You could do a lot worse than look at Channing Tatum for two hours,
but it's his talent that's turning him into a major star: he knows how
to underplay a role without becoming wooden. Aided by a solid
(literally — this boy's been working out) Jamie Bell, Tatum brings an
impressive gravitas to this sword and sandal adventure. It's a bit
like 300 without the steroid injections (cinematically speaking) —
old-school realistic, not a graphic novel come to life. Anthony
Mantle's dank, immersive camerawork and Atli Orvarsson's thrilling
score provide the atmosphere and the battle scenes provide the
excitement. We also get Donald Sutherland in great form with great
facial hair. There are movie conventions, of course: our heroes ride
and ride for days on end in their quest and still have awesome hair
and the perfect scruff and no chunks of food in their teeth. But great
to see a period picture with so much attention paid to costumes, sets
and make-up. An ideal Saturday matinee. — Jeff Schultz


When Steve Martin made Roxanne, he radically changed the end by
deciding that “Cyrano gets the girl”, turning tragedy into comedy.
Here too is Shakespeare altered, allowing the star-crossed lovers to
live happily ever after. But of course the bigger alteration is that
the actors are garden gnomes, red and blue to identify the feuding
Montagues and Capulets (and also to make this a sly political
allegory). You will not see a more good-natured picture all year,
fresh-faced (if porous) and innocent. It looks like a kidflick, but
studded throughout are jokes for the grown-ups, including movie
references from Brokeback Mountain to The Graduate. There's solid
voice work from a cast that's all over the map. (Michael Caine! Ozzy
Osbourne!) There's a montage telling the backstory of a pink flamingo
that brings a lump to the throat a la the “marriage summary” in Up.
And the filmmakers even give the Bard his due by bringing him to life
(well, his bronze statue, anyway) and allowing him a chance to defend
his killing off of the leads in the original. If all those (Executive
Producer) Elton John songs seem on board as “the price we had to pay
to get the movie made”, their happy beats don't distract too much and
some of the altered lyrics are quite funny. And there's a lovely
moment at the end when, as if we've been watching a play, the
principals come out to take their bows. Recommended! — Jeff Schultz


The best satire currently on television is also the greatest parody of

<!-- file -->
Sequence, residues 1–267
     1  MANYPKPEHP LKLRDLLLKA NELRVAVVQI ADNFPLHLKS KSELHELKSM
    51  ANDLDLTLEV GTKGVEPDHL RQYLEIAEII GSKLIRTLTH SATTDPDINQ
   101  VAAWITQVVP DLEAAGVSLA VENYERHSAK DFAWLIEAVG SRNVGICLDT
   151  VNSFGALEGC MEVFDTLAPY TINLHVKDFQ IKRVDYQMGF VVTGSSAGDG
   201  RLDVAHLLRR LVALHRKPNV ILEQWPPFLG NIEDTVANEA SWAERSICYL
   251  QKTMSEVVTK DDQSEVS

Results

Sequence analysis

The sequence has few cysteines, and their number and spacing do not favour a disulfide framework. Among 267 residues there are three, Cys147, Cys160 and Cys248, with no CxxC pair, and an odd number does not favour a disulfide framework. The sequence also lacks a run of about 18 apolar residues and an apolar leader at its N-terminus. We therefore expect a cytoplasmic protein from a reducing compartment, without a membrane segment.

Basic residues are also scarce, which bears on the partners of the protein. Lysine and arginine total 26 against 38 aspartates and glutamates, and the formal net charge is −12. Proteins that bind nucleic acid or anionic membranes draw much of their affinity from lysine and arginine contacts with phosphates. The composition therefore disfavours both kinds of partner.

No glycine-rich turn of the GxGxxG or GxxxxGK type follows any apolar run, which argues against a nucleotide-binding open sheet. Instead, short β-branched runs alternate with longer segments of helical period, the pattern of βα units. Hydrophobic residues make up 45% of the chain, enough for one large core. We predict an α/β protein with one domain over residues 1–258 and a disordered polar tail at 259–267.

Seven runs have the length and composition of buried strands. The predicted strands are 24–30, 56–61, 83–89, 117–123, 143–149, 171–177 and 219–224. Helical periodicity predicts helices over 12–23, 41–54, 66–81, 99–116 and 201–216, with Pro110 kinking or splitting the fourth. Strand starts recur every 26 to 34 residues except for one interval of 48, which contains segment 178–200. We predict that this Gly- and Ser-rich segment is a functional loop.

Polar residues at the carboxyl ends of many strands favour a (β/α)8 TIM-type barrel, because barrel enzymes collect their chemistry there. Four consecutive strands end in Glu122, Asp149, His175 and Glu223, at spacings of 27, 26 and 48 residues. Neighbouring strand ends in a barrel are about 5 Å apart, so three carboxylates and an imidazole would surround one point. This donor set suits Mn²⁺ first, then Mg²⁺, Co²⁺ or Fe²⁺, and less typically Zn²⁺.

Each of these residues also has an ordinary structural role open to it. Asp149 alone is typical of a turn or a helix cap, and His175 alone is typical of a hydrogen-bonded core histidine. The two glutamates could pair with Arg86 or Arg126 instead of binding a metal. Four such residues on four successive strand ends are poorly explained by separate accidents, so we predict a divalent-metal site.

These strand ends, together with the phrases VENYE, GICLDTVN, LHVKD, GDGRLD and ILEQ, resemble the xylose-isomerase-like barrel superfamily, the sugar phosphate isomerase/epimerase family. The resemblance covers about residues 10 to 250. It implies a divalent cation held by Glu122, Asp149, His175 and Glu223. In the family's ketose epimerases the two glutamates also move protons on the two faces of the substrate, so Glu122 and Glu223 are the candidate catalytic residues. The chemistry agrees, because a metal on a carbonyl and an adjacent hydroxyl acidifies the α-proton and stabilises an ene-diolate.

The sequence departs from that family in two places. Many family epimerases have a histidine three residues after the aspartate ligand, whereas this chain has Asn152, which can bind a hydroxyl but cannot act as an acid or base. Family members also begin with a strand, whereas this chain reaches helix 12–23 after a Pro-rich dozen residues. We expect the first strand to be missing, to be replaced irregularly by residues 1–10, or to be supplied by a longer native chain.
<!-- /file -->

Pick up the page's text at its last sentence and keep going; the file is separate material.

television news — ever. It combines the graphics-crazed, overlit,
flash-and-sensation look of the Fox News Channel and the Blitzer-panel-
of-experts, giant-touch-wallscreen antics of CNN. Onion is not
ideological: its laughs don't come at you from the Left as on The
Daily Show. Rather, the writers are simply drunk with comic malice on
the stunning superficiality of tv news… and by the time they're
done, they've skewered it so brilliantly, you almost forget to laugh
(and then you start choking with laughter). Plus, so much is going on
on-screen, you have to watch more than once to get all the jokes. With
incredibly high production values for an up-channel cable network
(IFC), the full-screens, banners, animations and transitions are
indistinguishable from the real ones, boosting the stakes with their
sheer authenticity. But all that eye candy is just the background to
ONN's greatest asset: Suzanne Sena as anchor “Brooke Alvarez”. This
kind of humor won't work unless you have someone who can flawlessly
read this much copy, copy where each word counts, quickly and without
stumbling. Sena is scary good — an iconic “Fox blonde” with what can
only be described as Nazi self-confidence. I am blown away by this
show. — Jeff Schultz


TRUE GRIT is a revenge flick that IS gritty…and layered with several moments of dark humor. Hailee Steinfeld owns this movie from start to finish, carrying the whole thing on her 14 year old shoulders. While Melissa Leo rocked in The Fighter, I have to say this young woman should get the gold. Jeff Bridges is a blast playing Rooster and Matt Damon delivers as a Texas Ranger who runs his mouth more than Cogburn drinks his whisky. Throw in Josh Brolin as the big baddie who at first seems more slow than bad, then becomes B-A-D…and you have a well done popcorn movie. A warning though: if you don’t like westerns, steer clear…and if you do, prepare yourself for a script that’s a lot more clever than you would expect.
-Stormy Curry